Thanksgiving traditionally means food, family and football on TV, but for Willamette Valley wineries it also ushers in one of the biggest and most important sales weekends of the year.
Wine Country Thanksgiving is Nov. 23-25, with more than 140 wineries from Portland to Eugene opening their doors for special events, tastings and offering new releases. Some wineries, such as Ken Wright Cellars in Carlton, Ore., also host private gatherings for wine club members and invited guests the previous weekend, adding to the festivities.
Ken Wright, who founded the winery in 1994, said he figures to do 20 percent of his annual retail business around Thanksgiving.
“It’s by far the most profitable weekend we have, by a mile,” Wright said.
Wright was expecting more than 1,100 guests for a private barrel tasting Nov. 17, where wine lovers could get an early taste of 2018 Pinot noir from several nearby vineyards in the northern Willamette Valley. Harvest only just finished in October, and the wine has spent barely a month aging and fermenting in oak barrels.
Judy Erdman and Richard Stinson, self-described “wine groupies” from Portland, walked between the rows of barrels in the dimly lit winery, savoring sips of the budding Burgundy. Erdman said they never miss a chance to enjoy Thanksgiving in Oregon’s wine country.
“It’s after harvest. You get to talk to the winemakers and figure out how things went,” she said. “You’re looking to the future.”
Compared to other renowned wine regions around the world, Oregon’s wine industry is still relatively young, with the first present-day wineries established in the late 1950s.
Since then, the number of wineries in Oregon has grown to 769, along with 1,114 vineyards and $5.61 billion in annual statewide economic impact. Between 2013 and 2016, winery sales increased 46 percent to $529 million, overall retail sales increased 18 percent to $1.04 billion and wine-related tourism skyrocketed 167 percent to $787 million, according to a report released earlier this year by Full Glass Research, an independent marketing company based in Berkeley, Calif.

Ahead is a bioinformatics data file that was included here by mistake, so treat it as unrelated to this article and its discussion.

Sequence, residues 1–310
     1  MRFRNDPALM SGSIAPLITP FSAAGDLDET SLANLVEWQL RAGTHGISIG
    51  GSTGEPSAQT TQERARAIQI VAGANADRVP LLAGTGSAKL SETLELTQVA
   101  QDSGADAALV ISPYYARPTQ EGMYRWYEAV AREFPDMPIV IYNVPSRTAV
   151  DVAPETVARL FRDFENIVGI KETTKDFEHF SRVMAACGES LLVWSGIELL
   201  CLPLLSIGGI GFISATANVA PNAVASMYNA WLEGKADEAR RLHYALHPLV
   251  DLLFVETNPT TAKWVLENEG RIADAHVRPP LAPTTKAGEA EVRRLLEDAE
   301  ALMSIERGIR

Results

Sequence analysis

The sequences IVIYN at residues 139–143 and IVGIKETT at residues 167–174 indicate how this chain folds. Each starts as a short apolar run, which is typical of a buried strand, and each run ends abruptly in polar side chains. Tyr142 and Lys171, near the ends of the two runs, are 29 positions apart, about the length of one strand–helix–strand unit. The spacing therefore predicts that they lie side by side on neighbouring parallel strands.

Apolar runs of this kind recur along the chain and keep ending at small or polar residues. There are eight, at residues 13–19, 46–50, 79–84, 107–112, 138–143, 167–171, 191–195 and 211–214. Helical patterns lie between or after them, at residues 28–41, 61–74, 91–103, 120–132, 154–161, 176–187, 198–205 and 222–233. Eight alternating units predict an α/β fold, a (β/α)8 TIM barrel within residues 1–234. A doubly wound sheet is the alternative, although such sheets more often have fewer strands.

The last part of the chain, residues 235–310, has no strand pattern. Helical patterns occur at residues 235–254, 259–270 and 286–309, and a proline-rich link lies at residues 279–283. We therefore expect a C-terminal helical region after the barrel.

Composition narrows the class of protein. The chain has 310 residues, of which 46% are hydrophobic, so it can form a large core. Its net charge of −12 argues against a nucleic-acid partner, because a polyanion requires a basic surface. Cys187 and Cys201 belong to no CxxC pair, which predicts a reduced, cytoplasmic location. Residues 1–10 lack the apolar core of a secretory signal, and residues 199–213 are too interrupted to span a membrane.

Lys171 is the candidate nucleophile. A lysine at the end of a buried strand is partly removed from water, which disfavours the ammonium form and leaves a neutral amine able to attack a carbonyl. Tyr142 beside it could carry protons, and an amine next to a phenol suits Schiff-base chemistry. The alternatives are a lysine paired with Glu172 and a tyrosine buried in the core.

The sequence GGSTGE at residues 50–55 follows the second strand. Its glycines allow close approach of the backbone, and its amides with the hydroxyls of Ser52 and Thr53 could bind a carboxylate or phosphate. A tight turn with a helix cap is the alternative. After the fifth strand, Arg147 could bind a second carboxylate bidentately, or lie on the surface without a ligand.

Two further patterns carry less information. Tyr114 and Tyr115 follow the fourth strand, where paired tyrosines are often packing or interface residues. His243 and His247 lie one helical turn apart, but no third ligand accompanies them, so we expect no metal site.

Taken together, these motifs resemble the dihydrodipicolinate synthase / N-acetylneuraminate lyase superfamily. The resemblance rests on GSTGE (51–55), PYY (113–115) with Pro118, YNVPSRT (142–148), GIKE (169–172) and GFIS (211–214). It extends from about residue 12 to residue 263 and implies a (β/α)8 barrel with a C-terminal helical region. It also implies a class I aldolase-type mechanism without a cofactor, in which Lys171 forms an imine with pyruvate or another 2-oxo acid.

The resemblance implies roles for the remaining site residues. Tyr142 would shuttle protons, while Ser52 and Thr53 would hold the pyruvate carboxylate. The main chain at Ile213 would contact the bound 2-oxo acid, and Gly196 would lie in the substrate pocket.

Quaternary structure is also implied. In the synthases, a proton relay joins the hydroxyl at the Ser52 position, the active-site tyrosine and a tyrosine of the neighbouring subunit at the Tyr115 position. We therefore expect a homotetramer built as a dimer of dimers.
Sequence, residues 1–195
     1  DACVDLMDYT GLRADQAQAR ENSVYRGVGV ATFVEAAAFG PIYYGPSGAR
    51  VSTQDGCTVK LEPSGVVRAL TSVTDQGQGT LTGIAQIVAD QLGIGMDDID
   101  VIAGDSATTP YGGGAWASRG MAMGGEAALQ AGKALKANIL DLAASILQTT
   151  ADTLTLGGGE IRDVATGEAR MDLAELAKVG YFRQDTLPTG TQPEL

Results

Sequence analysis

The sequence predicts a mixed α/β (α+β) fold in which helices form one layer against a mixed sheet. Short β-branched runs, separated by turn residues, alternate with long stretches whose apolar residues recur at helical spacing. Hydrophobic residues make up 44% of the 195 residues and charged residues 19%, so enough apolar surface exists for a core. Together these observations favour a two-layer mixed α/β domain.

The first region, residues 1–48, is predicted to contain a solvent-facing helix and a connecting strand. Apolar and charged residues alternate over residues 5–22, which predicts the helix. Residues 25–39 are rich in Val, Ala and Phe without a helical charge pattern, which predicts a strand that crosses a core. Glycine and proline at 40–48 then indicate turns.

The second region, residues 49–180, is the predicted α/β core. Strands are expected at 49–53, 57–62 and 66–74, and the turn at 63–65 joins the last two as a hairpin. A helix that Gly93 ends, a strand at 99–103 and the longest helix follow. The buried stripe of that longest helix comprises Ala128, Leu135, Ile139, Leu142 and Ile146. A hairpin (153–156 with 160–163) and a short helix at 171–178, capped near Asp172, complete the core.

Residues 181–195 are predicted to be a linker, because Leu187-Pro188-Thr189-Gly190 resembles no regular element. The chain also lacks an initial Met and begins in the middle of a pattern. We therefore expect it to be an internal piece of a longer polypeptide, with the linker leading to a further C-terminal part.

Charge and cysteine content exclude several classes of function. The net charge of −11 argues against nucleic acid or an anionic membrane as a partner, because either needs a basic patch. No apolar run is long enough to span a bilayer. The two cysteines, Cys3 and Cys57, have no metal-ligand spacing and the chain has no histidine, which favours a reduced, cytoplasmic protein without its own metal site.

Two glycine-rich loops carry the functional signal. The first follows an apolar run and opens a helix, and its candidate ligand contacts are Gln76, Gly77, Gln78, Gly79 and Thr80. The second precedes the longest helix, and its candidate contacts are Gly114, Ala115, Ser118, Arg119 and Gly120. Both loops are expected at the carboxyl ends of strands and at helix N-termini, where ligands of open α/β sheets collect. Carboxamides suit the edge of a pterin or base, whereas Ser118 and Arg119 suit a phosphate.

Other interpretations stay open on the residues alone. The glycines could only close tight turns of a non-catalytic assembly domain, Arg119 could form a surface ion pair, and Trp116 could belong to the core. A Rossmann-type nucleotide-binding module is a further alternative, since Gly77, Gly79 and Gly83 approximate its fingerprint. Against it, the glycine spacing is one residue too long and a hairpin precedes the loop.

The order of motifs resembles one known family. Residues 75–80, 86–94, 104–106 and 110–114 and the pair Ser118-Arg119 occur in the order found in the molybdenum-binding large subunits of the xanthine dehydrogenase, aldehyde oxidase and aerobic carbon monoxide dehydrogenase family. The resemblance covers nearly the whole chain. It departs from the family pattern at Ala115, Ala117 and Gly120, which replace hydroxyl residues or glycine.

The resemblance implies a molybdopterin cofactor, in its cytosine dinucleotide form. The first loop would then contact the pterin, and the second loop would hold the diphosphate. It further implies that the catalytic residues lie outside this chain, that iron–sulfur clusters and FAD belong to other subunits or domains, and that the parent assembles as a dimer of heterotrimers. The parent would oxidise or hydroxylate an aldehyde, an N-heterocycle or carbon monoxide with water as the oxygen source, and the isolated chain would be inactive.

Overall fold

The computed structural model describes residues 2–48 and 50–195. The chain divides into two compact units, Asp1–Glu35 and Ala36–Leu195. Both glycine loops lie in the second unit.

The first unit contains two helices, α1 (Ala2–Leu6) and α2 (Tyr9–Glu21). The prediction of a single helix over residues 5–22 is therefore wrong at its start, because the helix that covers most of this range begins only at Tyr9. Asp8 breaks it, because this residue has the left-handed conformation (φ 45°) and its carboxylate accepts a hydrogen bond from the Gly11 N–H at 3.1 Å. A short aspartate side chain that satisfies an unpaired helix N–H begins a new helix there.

Tourism and direct-to-consumer marketing are at the heart of Wine Country Thanksgiving, now in its 36th year organized by the Willamette Valley Winegrowers Association. Morgen McLaughlin, the association’s executive director, said it is difficult to track the precise dollar value of the promotion, since not all wineries share their sales figures.
“It certainly is a very important tourism weekend,” McLaughlin said. “We have wineries that will see 20 to 50 people a day. Other wineries will see more than a thousand a day. It is a very important weekend for visitation.”
One winery that does share sales data, as a publicly traded company, is Willamette Valley Vineyards in Turner, Ore. Its most recent annual report filed with the Securities and Exchange Commission shows fourth-quarter revenue in 2017 at $5.9 million, more than any other quarter during the year. The first quarter brought in $4.45 million, then $5.3 million in the second quarter and $5.1 million in the third quarter.
“Typically, first quarter sales are the lowest of any given year, and sales volumes increase progressively through the fourth quarter mostly because of consumer buying habits,” the report states.
Jim Bernau, founder and CEO of Willamette Valley Vineyards, said those habits are driven by the holiday season.
“It’s the time of year when people really want to celebrate,” Bernau said. “They often will have family that travel from outside of Oregon, and people love bringing them out to the wineries to show (them) what’s happening in Oregon, and the quality of our wines.”
Wine Country Thanksgiving can trace its early roots back to David Lett, a pioneer of Willamette Valley Pinot noir, who founded the Eyrie Vineyards in McMinnville, Ore. with his wife, Diana, in 1965.
By the early 1970s, no wineries had opened tasting rooms, but Diana Lett remembers envisioning what would become their first Thanksgiving get-together. It was just before harvest in 1974 when she and David were having dinner with local Gary Lawrence, and they thought it would be fun to put on an event featuring Eyrie wines and art.